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College of Engineering researchers aim to deter bridge terrorism

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College of Engineering researchers aim to deter bridge terrorism

Government officials have long acknowledged America’s vulnerability to terrorist attacks on the national transportation system.

Backed by federal funding, Mizzou Engineering researchers are coming up with ways to protect against such attacks. Sam Kiger, an MU civil and environmental engineering professor who has focused throughout his career on designing structures to withstand explosions, is leading a multi-campus effort to develop strategies to shield bridges from the effects of an explosion.

“To control costs, our research will focus on using concrete and steel, materials that bridge engineers are familiar with,” Kiger said. “We’re trying to figure out the most practical way to do this.”

Kiger’s research group has received $85,000 from the U.S. Department of Transportation to develop defensive designs and concepts that can be applied to existing bridges and incorporated into new construction. Kiger and civil engineering Associate Professor Hani Salim are collaborating with the University of Missouri-Rolla on the project.

At the heart of the research group’s proposed defensive measures are plans for a protective wall that would shelter a bridge’s crucial areas, such as its towers. The research group is working to find the right combination of strength and flexibility so that debris from the wall itself would not damage the bridge it was designed to protect if an explosion occurred, Kiger said.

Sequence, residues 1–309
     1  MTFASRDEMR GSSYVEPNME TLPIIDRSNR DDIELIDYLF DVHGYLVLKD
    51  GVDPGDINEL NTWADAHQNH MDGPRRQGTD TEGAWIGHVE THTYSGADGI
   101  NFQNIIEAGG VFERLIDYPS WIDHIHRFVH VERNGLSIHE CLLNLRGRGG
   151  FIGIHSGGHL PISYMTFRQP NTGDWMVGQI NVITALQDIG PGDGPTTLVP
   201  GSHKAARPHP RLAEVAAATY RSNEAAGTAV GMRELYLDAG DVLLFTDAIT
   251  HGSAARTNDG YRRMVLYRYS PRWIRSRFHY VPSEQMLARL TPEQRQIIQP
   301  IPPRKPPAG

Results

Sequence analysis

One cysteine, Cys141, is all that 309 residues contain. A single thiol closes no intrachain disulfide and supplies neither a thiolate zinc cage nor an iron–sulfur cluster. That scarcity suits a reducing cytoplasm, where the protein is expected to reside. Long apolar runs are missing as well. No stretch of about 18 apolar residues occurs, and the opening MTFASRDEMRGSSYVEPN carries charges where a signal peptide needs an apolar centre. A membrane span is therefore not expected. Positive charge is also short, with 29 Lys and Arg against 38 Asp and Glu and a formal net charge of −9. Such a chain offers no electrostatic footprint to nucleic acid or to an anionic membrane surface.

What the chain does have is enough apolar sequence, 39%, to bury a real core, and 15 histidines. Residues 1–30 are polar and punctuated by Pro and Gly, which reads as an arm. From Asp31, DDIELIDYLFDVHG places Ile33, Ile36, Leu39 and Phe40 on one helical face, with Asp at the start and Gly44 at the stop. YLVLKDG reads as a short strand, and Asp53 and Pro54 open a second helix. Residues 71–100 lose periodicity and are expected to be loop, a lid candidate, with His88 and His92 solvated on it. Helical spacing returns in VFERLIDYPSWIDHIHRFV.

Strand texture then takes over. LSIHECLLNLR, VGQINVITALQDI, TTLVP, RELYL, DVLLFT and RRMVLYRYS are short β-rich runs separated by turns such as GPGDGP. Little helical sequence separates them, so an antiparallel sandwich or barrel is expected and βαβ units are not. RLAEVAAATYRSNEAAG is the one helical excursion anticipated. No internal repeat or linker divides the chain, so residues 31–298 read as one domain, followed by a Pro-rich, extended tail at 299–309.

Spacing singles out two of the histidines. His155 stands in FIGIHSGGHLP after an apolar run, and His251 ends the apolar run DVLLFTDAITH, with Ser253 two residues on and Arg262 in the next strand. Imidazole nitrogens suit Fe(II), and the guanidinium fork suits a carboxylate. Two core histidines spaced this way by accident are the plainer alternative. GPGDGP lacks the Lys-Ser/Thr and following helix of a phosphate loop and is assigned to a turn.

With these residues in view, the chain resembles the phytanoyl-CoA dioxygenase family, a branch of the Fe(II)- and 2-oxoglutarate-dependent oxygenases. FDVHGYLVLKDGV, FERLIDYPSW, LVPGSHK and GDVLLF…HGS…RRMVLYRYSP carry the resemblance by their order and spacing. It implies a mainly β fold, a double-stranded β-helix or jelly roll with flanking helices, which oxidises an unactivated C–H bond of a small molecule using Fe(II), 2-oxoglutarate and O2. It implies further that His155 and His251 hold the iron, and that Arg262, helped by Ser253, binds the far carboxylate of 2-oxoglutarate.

“A blast would destroy the protective wall,” Salim said. “But the bridge will be safe, because the wall will block most of the blast’s shock waves.”

New methods also are being devised to strengthen bridges so they could withstand whatever explosive forces a protective wall would transmit during a blast. MU researchers later this month will continue a series of tests they have been conducting with the U.S. Army Engineer Research and Development Center and Federal Highway Administration researchers on a proposed buttressing technique.

Ideally, all the protective measures being developed will be easy to add to existing bridges—and just as easy to remove, if warranted, Kiger said. The results of MU’s research will be available to transportation officials across the country.

“The concepts we develop will be incorporated into federal training materials for state departments of transportation, bridge inspectors and engineers,” Kiger said.

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